Credit Card Compromised – Up Close and Personal4 min read
So this weekend was my first and hopefully my last experience with my credit card being compromised. This also verifies and solidifies why I bank and will continue to bank with Wells Fargo. Here’s the story.
Starting on Friday, we started getting calls at the house from an 800 number. I don’t answer calls from 800 numbers and I ignored them like all the others. Then on Saturday morning that same number called again, I was in a pissy mood, so I thought I’d take care of this telemarketer and have a good chuckle. I answer and to my amazement it’s was not a telemarketer but Wells Fargo’s Fraud center. The automated message wanted confirmation on some recent charges that the bank had rejected. One of the charges was a $1.06 Itunes charge, which very well could have been us, but I didn’t recall buying any app in the past few days. But I knew it was much more than just a courtesy call when the next transaction was $1,000 for a Travel Agency. Hold on!
I got a representative on the phone and she was very informative as well walked through the activity. I don’t know how they determined fraud was happening on my card, but I am very confident that it works. Good thing was the charges never went through in the first place.
Being a computer security expert, I know how things work on both sides of the equation. I know from this little adventure, that whoever got my number was a real professional. This was not a local hick who swiped my numbers and ran to Target. This was methodical and precise.
Here’s how it worked. The first thing they did was run a $1 charge against a credit reporting agency. This is to test if the card is live. Second they did a small $0.99 iTunes purchase. Then they made a $1,000+ charge at a German Travel website. I checked the website out, it looks legitimate, they were probably not in the loop. What they do, if the charges go through, is they will turn around and cancel the travel transaction, get the $1,000 and the credit card company doesn’t catch it. Wells Fargo saw the behavior and stopped it.
I have had this credit card for years and have used it online on all kinds of sites, big box stores and not so big, one off Yahoo stores and such. My card could have been from a breach 2 years ago. Most of the credit card stealers from breaches sit on the cards for a long time before trying them. Usually the breached will provide protection and such for 12 months. After 12 months people forget. The stealers then test the cards, make big purchases and dump the cards. Profit heavy up front. They most likely wont use the card over and over, just once is all the need. If you have 50 cards and get $1,000 off each of them, not a bad score.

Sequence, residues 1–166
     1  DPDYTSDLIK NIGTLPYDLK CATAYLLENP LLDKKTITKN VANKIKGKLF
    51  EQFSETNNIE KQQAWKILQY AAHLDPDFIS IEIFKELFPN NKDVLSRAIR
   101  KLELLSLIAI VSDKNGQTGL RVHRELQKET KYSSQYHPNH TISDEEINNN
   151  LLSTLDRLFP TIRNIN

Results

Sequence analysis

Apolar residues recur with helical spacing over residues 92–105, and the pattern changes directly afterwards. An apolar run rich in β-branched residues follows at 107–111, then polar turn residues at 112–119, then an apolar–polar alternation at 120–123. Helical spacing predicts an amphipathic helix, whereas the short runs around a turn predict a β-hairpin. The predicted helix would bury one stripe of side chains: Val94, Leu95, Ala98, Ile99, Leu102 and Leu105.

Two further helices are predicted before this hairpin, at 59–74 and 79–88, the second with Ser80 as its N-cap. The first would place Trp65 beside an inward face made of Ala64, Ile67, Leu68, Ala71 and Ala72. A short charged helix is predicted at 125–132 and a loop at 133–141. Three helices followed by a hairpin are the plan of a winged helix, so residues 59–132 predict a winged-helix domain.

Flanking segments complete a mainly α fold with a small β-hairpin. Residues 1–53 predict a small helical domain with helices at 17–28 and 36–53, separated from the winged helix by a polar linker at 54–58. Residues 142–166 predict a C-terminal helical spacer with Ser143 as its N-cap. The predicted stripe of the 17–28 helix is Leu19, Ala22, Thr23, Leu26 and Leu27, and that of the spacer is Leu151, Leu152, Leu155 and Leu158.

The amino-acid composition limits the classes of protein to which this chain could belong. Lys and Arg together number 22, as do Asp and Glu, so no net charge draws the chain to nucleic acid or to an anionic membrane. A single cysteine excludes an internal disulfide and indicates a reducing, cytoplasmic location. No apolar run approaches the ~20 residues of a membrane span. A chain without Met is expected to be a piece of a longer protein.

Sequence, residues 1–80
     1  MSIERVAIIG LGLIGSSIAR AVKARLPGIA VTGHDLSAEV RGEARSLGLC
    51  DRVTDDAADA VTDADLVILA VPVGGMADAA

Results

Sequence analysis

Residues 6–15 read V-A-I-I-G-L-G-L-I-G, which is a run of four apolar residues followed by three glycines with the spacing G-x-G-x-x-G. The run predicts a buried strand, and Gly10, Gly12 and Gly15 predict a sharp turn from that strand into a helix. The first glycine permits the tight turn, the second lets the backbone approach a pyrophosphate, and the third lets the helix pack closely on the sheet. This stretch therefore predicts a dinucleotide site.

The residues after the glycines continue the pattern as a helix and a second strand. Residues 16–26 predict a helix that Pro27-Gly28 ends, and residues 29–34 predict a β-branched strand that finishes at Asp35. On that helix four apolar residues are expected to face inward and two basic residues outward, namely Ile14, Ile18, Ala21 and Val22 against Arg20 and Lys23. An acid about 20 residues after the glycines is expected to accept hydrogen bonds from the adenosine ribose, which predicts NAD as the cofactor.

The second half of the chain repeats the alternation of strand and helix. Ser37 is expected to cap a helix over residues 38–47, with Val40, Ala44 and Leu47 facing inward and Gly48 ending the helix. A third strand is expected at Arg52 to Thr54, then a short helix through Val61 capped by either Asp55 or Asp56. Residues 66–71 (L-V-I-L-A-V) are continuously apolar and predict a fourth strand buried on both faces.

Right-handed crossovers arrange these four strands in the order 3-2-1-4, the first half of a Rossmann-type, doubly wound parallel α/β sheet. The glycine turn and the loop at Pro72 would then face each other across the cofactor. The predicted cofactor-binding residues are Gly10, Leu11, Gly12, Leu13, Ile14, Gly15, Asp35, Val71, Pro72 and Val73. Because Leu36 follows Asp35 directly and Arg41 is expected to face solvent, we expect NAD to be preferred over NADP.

This is not a case of identity theft as my identity is not being used, at least I don’t think. I have signed up for enhanced credit monitoring and I’ll keep an eye on it for a while just to see if anyone tries to open new cards or my credit score starts to tank. This situation most likely came from a breach on a website my card was on or from a low end site who’s security was not up to par.
But this leads into the rules of online transactions and why you should do things with credit cards.
NEVER, EVER USE YOUR DEBIT CARD FOR ONLINE PURCHASES – Debit cards which are tied to your checking account is your money. Credit cards are the bank’s money. It’s much harder to get your money back from a breach than the bank trying to hold you accountable for a credit card breach. NEVER USE YOUR DEBIT CARD ONLINE!!!! EVER!!!!
DON’T TRUST ANYONE – Just because a website has SSL, a certificate and has a little shield of security on it doesn’t mean it’s legitimate or it’s back end security to protect your data is up to par. There is no standard of security that every follows, each website does things their own way. Sometimes the great deals from Bob’s Garage website may not be worth it. Stick to the big store online site for shopping. If you are hesitant, then don’t use it, go elsewhere.
Check your credit scores – Checking your credit scores no longer is a ding against your credit rating. It used to be, no more. You need to know what’s going on with your credit score.
Things are very easy now to make purchases of goods and services… that goes for anyone that has your number. If they do there is not much you can do about it other than rely on your bank who owns the card to have sophisticated systems in place to protect you from this type of crap.
Aside from the real pains in the butt to have to change my online accounts with the new card, it’s worth it. I can live without a credit card for a few days as my new account and cards get sent out. Wells Fargo stepped up, saw bad behavior, stopped it, then repeatedly attempted to contact me to verify the activity. That’s why I have been a customer with them for over 15 years and why I will continue to be a customer with them.
To the people that used my info for fraud…. I hope you get various forms of cancer in and around your genitalia.
End of Line.
– Posted using BlogPress from my iPad
Binary Blogger has spent 20 years in the Information Security space currently providing security solutions and evangelism to clients. From early web application programming, system administration, senior management to enterprise consulting I provide practical security analysis and solutions to help companies and individuals figure out HOW to be secure every day.
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